Conference Opens Students’ Eyes to Professional World
Working professionals know that conferences are a great way to learn new things and meet new people, but the concept is a little foreign to college students.
About a dozen Computer Science students from Ventura College recently had the opportunity to dip their toes into the water of the professional world at the Data Center World conference, held in at the Los Angeles Convention Center in early April. They were accompanied by faculty from Ventura College and Oxnard College.
Elliot Gertner, a computer science faculty member at Ventura College, worked with Paula Hodge, Deputy Sector Navigator for Information and Communication Technologies, to secure funding for students from his Computer Architecture class to attend the conference.
Gertner said the students were eager to network with companies with the hope of landing jobs and internships.
“I wanted them to get a glimpse of what the workplace will look like,” Gertner said.
Itzel Gonzalez, a student who attended the conference said the event opened her eyes to the demand for technology professionals.
The most valuable thing I learned at the conference is that there is a lot of demand for jobs in this technology field,” Gonzalez said. “It is better to start thinking now about how to evolve the career skills we will need to be able to fill those jobs.”
Gonzalez did some research on the conference prior to attending, but was surprised at the amount of one-on-one interaction she had with companies there as she walked through the exhibit hall. She was also surprised to see technology demonstrations from companies like GE.
“It was very new to me and a bit overwhelming but amazing and exciting,” Gonzalez said. “I was not expecting to see displays. For example, the flywheel at the General Electric booth or the Vertiv booth where they taught us about cooling systems.”
In addition to providing funding for the conference, Hodge also organized a special session for Gertner’s students on the basics of applying for a job. Students learned how to prepare a resume and cover letter, and some tips for interviewing and professional networking.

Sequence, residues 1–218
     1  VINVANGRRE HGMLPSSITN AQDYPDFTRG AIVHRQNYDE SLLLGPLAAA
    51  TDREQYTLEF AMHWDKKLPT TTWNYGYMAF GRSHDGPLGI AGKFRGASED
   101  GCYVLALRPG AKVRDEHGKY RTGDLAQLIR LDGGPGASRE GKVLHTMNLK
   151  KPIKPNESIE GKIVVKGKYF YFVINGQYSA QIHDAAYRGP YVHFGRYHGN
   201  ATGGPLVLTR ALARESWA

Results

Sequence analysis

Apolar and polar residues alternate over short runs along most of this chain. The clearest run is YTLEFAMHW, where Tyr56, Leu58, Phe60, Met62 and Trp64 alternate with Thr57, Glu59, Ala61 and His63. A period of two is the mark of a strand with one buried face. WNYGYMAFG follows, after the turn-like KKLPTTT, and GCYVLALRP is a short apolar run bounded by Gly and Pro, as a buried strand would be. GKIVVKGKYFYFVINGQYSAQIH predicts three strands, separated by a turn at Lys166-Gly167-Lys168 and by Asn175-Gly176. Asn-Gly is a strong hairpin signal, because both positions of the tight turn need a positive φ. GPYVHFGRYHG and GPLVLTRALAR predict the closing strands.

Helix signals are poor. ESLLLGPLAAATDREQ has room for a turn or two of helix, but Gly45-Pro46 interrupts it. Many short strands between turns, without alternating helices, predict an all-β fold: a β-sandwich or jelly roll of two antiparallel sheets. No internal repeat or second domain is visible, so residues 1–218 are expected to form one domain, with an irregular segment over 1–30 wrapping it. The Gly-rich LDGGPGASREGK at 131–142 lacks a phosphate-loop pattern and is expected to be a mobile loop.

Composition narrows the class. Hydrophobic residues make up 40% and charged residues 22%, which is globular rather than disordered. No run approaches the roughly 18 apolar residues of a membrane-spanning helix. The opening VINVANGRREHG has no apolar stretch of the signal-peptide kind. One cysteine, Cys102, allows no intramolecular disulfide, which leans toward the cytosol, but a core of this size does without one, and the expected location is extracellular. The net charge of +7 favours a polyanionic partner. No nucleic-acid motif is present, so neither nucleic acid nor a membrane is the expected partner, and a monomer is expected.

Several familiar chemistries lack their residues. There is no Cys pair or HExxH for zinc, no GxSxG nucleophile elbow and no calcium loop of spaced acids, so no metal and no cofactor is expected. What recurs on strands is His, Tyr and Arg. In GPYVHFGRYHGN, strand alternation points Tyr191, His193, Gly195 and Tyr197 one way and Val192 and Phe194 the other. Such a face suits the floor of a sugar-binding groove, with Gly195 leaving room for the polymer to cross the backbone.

“They expanded their horizons compared to what they get from counselors at the college,” Gertner said.
Student Doug Weisse felt the pieces come into place as he saw real-world applications of the things he learned in class.
“The tradeshow featured every aspect of data management, mostly the equipment required to store the hundreds of terabytes stored in data centers,” Weisse said. “Seeing all the parts individually was inspiring, I could almost imagine all of them going together in some massive facility.”
Coming out of the conference, Gonzalez plans to heed some of the advice she received about starting a blog.
“This is great advice since we are in the age where everything is online,” she said. “You get to showcase what work and projects you have created or been part of.”
On a related note, student Mason Karle-Dalrymple said the conference drove home the importance of professional networking, something he hadn’t previously thought was relevant to the computer science field.
“Having work experience, certifications, and community service is all good, but there’s something to be said for just going around and meeting literally everyone you can think of in an industry,” Karle-Dalrymple said. “My experience reflects on how I need to present myself if I want to go further in computer science or any industry.”